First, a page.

DETROIT - Plastics and recycling don't rank very high on auto industry executives' panels of hot buttons. An in-depth survey shows executives feel the most important issue facing the industry is cost, and plastics are losers in that arena. The University of Michigan's Delphi VIII, the latest in an ongoing series of forecasts and analyses, indicates weight will be another strong determinant in materials selection over the next five years; plastics fare a little better there. Executives in the study say they will ``look more closely'' at lower-weight but higher-cost materials.
The cost/weight dilemma, however, will continue for at least 10 years.
``Although there will be a continued effort to reduce weight, the forecast is for aluminum and plastic to make only small gains in body panel usage in the coming decade,'' Delphi III says.
The panelists rate steel body panels as having significant advantages over aluminum and plastic in the raw materials cost, component processing, assembly and vehicle disposal stages of the product life cycle. Steel, thermoplastics and thermosets are viewed as equally advantageous only in the design and field use stages of the life cycle, the study shows.
An early draft of Delphi III was unveiled at the Automotive News World Congress in Detroit Jan. 8. David Cole, director of the school's Study of Automotive Transport, discussed the work.
Manufacturers in the years just ahead, panelists said, will restrict the number of plastic types in a vehicle, limit the use of plastics that are viewed as uneconomical to recycle and pass recycling requirements through to suppliers. However, they see no limits on amounts of plastics used and no substitution of lightweight metals for plastics.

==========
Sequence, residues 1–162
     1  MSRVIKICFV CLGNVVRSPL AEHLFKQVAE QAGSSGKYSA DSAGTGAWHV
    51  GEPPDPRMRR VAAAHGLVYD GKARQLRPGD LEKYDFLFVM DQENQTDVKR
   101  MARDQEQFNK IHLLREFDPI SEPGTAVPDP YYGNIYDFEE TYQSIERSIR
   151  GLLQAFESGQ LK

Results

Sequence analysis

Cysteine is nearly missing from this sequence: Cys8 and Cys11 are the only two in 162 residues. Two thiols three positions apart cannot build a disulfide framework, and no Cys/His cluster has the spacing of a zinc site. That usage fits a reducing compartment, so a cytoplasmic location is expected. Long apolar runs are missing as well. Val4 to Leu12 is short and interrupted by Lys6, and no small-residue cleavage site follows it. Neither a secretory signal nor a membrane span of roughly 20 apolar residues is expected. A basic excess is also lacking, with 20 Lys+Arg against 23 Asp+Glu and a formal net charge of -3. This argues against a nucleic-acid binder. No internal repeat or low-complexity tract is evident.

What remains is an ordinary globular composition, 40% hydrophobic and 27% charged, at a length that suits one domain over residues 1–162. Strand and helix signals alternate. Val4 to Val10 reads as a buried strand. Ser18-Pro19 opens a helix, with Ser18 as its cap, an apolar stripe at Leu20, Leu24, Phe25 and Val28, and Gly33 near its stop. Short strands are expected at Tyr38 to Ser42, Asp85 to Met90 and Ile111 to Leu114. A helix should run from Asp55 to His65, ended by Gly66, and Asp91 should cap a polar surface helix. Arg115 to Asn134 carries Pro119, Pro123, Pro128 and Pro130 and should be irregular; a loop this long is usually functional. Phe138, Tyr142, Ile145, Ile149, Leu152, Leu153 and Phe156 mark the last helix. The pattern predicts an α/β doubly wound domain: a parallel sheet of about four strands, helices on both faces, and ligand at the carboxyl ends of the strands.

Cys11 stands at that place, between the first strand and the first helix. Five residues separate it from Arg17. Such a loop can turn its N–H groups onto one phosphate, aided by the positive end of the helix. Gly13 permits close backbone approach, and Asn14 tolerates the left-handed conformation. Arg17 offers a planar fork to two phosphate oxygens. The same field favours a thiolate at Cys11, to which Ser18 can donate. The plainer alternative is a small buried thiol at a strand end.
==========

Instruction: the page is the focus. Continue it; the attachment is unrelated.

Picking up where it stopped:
``Styling themes continue to promote large glass surfaces. As more glass is used, it becomes more of a candidate to be at least partially replaced by lightweight alternatives such as polycarbonates. However, panelists forecast no application of polycarbonates as an alternative window material by 2000 and only modest usage by 2005. Special coatings and interlayers are expected to increase in usage through the coming decade,'' the draft said.
Cole said recycling is of prime importance to cores of people within auto companies but the issue is not considered one of general significance.
Panelists in the study strongly suggest a need for improved protection from perforation corrosion. They predict vehicle weight will decrease by 5 percent by 2000 and 10 percent by 2005.
Cole said some 300 experts were surveyed, including manufacturers, suppliers, consultants and academics. Chief executive officers, presidents and vice presidents make up 25 percent; directors, executives and managers 59 percent; engineers, supervisors and leaders 10 percent and consultants 5 percent.